Gilded Age Golf and the Red Jacket Golf Club

The lovely Delaware Park Golf Course, which rolls over one of Frederick Law Olmsted’s many beautiful Buffalo parks, has been a favorite of golfers since the 1890s. 

But it was also once the setting for some of the sexy shenanigans of the upstart  Elmwood Set (which I call the Ashwood Set in my books), who were determined to establish themselves as a hipper version of the the city’s old-money stiffs.

The Red Jacket Golf Club clubhouse, circa 1899.


In 1898 – three years before the Pan-American Exposition and the events described in my first novel, The Unsealing, the upstarts of Elmwood – frozen out of the real upper crust – decided to take up the then-new craze of golf. But where to play? The Country Club of Buffalo – full of Hamlins and Spauldings and other blueblood families, wasn’t accepting applications from the nouveaux riches. They were quite content in their fine clubhouse and private course.

So the Elmwood Set decided to go their own way. They formed a new club, the Red Jacket Golf Club, so named not only for the influential Seneca chief Red Jacket (Sagoyewatha, or ‘He Keeps Them Awake’ in the Seneca language), but also likely as a tongue-in-cheek reference to the era’s custom-slash-requirement that golfers wear red jackets while on the links.


(By the way, golf—as one of the few sports that men and women could play in close physical proximity—owed a great deal of its early success to the opportunities it provided for flirtation and fondling. Croquet teed up similar chances, but by the late 1890s it was considered rather dull, a game for old fogeys. Much more about all this Victorian naughtiness can be found in The Unsealing and A Murder in Ashwood.

You may also be interested to learn that in those days, avid (male) amateur golfers—even ones involved in tournament play—refused to allow their names to be printed in the newspapers, for fear that they would be suspected either of neglecting more manly affairs in favor of the leisurely, layabout game of golf—or of being of slightly dubious moral character and ‘ladies’ men’.)

Back to our story. The Red Jackets now had a club, but no course. So they adopted the only other golf course then existing in Buffalo: the one in Delaware Park, a public nine-hole course. Soon enough, the newcomers appropriated it as their private enclave—the upper-middle-class equivalent of exerting squatters’ rights. Police blotters from 1898 to 1903 include any number of complaints made against the Red Jackets for chasing non-members of their club off of what was first and always a public course, falsely asserting that Delaware Park was Red Jacket private property. And those complaints were from only those pissed off enough to call a cop, so there were probably quite a few that went unreported.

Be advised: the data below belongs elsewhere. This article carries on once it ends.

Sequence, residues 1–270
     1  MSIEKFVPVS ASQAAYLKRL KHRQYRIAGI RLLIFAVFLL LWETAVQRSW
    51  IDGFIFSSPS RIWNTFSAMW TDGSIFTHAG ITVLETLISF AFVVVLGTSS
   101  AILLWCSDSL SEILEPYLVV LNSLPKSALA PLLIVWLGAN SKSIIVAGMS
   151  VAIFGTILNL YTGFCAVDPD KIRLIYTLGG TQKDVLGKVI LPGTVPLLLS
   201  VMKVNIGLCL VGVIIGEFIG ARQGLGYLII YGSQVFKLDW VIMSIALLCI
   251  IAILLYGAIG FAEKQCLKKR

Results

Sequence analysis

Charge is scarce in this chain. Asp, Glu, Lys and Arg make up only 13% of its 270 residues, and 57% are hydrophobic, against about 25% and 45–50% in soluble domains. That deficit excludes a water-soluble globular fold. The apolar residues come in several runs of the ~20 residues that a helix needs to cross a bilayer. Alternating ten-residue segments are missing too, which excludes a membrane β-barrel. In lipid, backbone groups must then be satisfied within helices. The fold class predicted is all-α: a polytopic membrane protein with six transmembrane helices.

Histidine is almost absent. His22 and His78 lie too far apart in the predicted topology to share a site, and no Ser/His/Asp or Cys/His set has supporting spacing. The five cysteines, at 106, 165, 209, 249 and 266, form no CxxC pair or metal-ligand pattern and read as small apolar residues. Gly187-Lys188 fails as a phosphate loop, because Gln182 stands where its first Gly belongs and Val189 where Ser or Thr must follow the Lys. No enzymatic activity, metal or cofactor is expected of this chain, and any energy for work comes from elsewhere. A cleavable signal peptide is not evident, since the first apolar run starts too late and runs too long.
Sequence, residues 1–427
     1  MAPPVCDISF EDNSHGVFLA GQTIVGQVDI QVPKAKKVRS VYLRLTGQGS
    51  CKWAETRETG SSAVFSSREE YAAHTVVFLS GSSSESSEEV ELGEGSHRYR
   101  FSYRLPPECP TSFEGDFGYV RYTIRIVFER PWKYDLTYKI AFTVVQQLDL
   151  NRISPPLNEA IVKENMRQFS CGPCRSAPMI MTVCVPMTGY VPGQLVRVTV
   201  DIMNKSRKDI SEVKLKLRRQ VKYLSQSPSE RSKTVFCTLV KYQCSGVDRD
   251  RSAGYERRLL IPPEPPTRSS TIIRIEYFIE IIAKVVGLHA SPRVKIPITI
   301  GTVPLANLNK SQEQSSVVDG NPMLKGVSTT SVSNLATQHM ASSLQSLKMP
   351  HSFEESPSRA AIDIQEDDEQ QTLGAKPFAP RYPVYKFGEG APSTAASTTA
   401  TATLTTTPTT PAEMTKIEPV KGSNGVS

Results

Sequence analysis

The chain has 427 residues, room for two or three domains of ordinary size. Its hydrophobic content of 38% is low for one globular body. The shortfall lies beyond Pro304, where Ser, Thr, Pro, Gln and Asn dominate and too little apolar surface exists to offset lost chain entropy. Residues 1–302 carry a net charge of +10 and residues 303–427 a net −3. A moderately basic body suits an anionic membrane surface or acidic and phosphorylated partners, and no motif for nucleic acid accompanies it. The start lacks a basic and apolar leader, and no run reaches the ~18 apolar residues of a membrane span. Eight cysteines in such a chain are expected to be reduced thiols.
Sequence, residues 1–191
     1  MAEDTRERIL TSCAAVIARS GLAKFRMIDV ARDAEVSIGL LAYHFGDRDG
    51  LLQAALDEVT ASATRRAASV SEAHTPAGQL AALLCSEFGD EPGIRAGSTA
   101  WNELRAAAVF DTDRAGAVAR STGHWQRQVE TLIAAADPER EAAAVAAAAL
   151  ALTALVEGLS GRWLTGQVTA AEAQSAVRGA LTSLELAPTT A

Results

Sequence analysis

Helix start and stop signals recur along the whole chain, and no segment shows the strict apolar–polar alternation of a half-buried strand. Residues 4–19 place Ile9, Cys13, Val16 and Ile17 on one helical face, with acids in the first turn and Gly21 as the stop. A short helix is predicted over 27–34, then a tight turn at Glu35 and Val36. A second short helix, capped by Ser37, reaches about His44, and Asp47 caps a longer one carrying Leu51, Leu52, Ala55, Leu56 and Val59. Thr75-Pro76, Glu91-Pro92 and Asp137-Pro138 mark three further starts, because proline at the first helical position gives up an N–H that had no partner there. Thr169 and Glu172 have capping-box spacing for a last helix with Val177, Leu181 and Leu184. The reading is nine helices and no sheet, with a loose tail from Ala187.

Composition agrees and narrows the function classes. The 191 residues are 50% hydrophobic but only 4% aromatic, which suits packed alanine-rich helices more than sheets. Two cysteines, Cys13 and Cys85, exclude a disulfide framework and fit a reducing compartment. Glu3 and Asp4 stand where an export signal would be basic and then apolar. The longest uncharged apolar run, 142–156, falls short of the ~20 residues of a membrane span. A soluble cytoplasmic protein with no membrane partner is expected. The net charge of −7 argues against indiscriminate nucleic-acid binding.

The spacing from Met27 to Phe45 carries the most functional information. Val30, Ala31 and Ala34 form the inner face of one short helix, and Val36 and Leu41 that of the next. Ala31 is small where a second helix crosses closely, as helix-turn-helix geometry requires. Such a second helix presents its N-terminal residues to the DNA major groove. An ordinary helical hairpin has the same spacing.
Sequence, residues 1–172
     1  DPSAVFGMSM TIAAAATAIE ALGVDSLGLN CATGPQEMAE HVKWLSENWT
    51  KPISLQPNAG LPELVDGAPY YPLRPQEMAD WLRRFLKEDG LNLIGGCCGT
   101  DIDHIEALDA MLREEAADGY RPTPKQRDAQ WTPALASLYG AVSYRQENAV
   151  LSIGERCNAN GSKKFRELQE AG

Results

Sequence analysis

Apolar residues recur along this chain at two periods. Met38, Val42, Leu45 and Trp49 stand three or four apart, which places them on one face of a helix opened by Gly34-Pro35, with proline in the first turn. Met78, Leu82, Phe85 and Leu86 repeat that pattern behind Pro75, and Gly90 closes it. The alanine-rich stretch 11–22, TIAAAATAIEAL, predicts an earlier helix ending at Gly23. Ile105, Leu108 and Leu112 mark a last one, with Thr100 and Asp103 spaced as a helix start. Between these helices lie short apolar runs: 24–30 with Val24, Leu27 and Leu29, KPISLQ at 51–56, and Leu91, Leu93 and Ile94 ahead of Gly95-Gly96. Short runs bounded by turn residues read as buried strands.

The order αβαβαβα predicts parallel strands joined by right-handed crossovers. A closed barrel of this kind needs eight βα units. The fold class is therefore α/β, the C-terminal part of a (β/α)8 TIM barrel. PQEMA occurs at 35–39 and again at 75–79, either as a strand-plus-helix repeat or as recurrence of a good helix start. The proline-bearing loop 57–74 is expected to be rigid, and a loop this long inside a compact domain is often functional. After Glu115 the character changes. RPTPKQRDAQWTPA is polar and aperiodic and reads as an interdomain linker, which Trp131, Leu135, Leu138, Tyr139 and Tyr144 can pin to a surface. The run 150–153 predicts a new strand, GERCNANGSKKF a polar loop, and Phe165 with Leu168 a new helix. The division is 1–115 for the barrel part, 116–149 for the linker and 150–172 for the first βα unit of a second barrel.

Now that they had a club and course (if one acquired by eminent domain), the only thing lacking was a proper clubhouse. So the fledgling Red Jackets contracted with William Sydney Wicks, principal of the prominent Buffalo architecture firm of Green & Wicks (and founding member of the Red Jacket Golf Club—interestingly, his partner, Edward Brodhead Green, was a member of the Country Club and designed their clubhouse), to design and build a shingle-style home of their own. The resulting building (shown here, from an 1899 issue of Golf magazine), albeit considerably smaller than that of the Country Club (which must have rankled), officially established the Red Jacket Golf Club as a rival to their higher class competitor. And established a toehold for the Elmwood Set among Buffalo’s movers and shakers.

If only it had lasted.

As with so much associated with the Elmwood Set, the new Red Jacket clubhouse quickly became a hive of intrigue. Plenty of actual and suspected love affairs, jealousy-fueled shouting matches (a noteworthy one involved a mutual death-threat) and a solid helping of illicit canoodling took place in the clubhouse. Then, to top it off, in 1903 club president Edwin Burdick was beaten to death in his home—and, as many thought at the time, with his own golf club! And by a woman! The scandal brought reporters from across the country down on the club, and members fled—some until the heat died down, and some for good.

The Red Jacket Golf Club then changed its name to the Buffalo Golf Club, and soon after the little building that had been the site of so much drama burned down. It was in time replaced by the substantial stone building that now stands along Parkside Avenue, not far from the site of its lost predecessor.

And, in time, the members of the Red Jacket grew up, grew old, and perhaps grew wealthy enough to secure their place at the Country Club of Buffalo—which is what they’d wanted all along.


(My thanks are due Cynthia Van Ness, MLS, Director of Library and Archives at the Buffalo History Museum, for locating the photograph of the Red Jacket Golf Club clubhouse for me.)